• No packaging;
  • Minimal packaging;
  • Consumable, returnable, or resealable packaging; and
  • Recyclable packaging or recycled material packaging.

Another framework, or actually practice is provided in ASTM D-1974-94a, "Standard Practice for Methods of Closing, Sealing, and Reinforcing Fiberboard Boxes," Section 5.6, Environmental Considerations. Since most packaging tapes are used for these applications it forms an appropriate framework to address the issue of: "Packaging Tapes: To Recycle Or Not, And If So, How?"

ASTM D1974-94a

The section relevant to this paper is 5.6 which reads as follows:

5.6 Environmental Considerations:

5.6.1 General - Although the environmental impact of a package is a component of the package design and evaluation process, the integrity of the product should not be compromised. Product damage or disposal resulting from package failure, or both, may well cause greater environmental impact that the package. Product containment, protection, and preservation, along with consumer safety, remain the primary functions of the package.

5.6.2 Toxic Content - The use of potentially toxic materials in packaging components is a concern for their presence in emissions when packaging is incinerated, or in leachate when packaging is landfilled. Materials used for the closure, sealing, or reinforcement of boxes shall not have any lead, cadmium, mercury, barium, silver, arsenic, selenium, or hexavalent chromium which has been intentionally introduced as a component during manufacturing or distribution as opposed to the incidental presence of any of these elements. Box closure, sealing, and reinforcing materials presented in this standard typically meet this requirement.

5.6.3 Solid Waste - Considerations of packaging solid waste involve the total mass and volume of all package components. The closure, sealing, and reinforcing components are usually less than 1% of this total. While these materials are still part of solid waste considerations, emphasis should be on the total.

5.6.3.1 Source Reduction - Reductions in closure, sealing, and reinforcing materials should be consistent with performance and material requirements specified in contracts and regulations and with good engineering practice.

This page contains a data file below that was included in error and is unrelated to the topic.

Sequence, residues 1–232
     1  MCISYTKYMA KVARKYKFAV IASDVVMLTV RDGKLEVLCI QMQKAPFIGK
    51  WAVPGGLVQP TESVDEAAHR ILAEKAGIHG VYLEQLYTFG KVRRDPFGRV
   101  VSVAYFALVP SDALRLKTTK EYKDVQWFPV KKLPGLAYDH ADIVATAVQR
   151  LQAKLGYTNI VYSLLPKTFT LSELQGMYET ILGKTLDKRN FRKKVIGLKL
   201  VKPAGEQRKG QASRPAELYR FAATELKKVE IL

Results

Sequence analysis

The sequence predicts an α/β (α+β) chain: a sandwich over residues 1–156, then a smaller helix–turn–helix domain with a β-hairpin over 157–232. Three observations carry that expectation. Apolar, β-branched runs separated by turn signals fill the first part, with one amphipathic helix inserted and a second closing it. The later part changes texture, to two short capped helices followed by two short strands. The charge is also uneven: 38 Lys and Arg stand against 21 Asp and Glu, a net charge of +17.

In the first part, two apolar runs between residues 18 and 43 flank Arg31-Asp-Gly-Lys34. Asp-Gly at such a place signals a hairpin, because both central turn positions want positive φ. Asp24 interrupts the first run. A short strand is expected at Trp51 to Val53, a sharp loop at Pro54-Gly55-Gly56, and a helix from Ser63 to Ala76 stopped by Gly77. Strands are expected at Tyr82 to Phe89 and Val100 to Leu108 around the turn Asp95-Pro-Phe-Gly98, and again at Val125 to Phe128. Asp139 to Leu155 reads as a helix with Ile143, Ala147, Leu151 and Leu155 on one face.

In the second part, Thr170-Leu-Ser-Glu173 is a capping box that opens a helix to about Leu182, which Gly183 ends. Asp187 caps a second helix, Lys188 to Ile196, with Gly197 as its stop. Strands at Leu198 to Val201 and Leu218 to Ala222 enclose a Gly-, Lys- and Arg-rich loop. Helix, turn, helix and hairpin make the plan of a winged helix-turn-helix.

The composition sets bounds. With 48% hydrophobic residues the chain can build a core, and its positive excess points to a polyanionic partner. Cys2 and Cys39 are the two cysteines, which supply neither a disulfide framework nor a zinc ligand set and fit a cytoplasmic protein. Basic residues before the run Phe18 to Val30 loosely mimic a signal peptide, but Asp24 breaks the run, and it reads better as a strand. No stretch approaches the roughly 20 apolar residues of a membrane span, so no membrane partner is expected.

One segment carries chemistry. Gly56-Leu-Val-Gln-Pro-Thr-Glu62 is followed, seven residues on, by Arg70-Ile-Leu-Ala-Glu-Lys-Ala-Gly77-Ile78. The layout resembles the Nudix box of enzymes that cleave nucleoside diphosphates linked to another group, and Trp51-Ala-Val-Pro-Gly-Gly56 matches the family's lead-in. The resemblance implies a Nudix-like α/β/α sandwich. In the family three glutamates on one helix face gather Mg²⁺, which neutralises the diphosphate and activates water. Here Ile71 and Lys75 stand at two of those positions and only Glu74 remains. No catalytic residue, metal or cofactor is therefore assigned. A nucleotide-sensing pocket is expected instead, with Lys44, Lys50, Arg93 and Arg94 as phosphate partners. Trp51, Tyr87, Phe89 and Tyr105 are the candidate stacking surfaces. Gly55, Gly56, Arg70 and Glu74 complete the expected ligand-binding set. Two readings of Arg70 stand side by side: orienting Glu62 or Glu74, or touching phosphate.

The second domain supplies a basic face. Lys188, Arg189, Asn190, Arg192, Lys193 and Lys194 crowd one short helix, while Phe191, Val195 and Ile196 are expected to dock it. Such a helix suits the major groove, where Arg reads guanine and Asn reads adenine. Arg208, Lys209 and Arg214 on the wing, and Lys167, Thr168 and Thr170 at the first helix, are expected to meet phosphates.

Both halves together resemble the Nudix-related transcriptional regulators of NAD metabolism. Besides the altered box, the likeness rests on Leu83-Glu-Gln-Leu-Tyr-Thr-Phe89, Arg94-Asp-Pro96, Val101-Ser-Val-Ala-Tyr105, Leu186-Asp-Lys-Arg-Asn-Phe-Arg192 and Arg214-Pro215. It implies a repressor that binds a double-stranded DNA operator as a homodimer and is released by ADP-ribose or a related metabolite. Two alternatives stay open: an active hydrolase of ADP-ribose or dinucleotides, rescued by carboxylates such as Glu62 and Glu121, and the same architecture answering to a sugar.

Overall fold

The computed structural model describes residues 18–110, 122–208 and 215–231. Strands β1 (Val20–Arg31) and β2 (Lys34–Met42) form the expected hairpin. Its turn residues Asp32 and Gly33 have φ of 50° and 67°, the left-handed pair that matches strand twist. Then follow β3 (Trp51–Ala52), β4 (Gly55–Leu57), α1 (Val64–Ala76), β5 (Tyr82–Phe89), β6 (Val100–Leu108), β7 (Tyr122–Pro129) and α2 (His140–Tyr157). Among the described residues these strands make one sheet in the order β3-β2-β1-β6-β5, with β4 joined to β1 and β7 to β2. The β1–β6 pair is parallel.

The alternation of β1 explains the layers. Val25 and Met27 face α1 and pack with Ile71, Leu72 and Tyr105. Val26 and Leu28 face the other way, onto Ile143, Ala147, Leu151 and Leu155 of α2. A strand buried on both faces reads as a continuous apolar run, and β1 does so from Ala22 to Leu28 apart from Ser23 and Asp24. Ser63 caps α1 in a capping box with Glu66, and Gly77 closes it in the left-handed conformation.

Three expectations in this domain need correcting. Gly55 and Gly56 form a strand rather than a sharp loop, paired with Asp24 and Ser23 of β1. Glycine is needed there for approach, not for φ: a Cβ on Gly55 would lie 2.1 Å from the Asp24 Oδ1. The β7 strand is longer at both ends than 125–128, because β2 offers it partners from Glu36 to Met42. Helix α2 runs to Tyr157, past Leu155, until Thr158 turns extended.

5.6.3.2 Reuse - Closure, sealing, and reinforcing materials which allow the reuse of fiberboard boxes are encouraged.

5.6.3.3 Recycling - Efforts should be focused on maximizing the reuse and fiber recovery of fiberboard boxes. One consideration in the choice of a closure, sealing, or reinforcing material should be compatibility with the recycling of old fiberboard containers. Materials should be chosen which can be removed from a box prior to recycling, removed from the pulper (vessel for dispersing old fiberboard into pulp slurry), or otherwise removed in the recycling process. The materials  should then be suitable for appropriate recycling, incineration, or landfill in accordance with applicable regulations. If the materials are not removable in the recycling process, they should not cause significant reductions in the properties of the recycled paper or paperboard.

These latter considerations build on the framework provided by CONEG and especially on implementation of the German "Verpackungsverordnung" (packaging ordinance) of June 12, 1991 through the German recycling organization RESY which in January 1992 promulgated the following policy: "In Explanation of the Recyclability of Packaging made of Paper or Cardboard," section 4: "Adhesive tape and stick-on labels are packaging aids which are not  supposed to hinder the recycling process. This requirement is met when they disintegrate as little as possible in the slushing phase and can already be completely - which means both the adhesive material as well as the bearing material (plastic or paper) - separated in the pulper or in the following sorting phase. In the case of thermal recycling, the adhesive tape which as been sorted out must not cause any harmful emissions."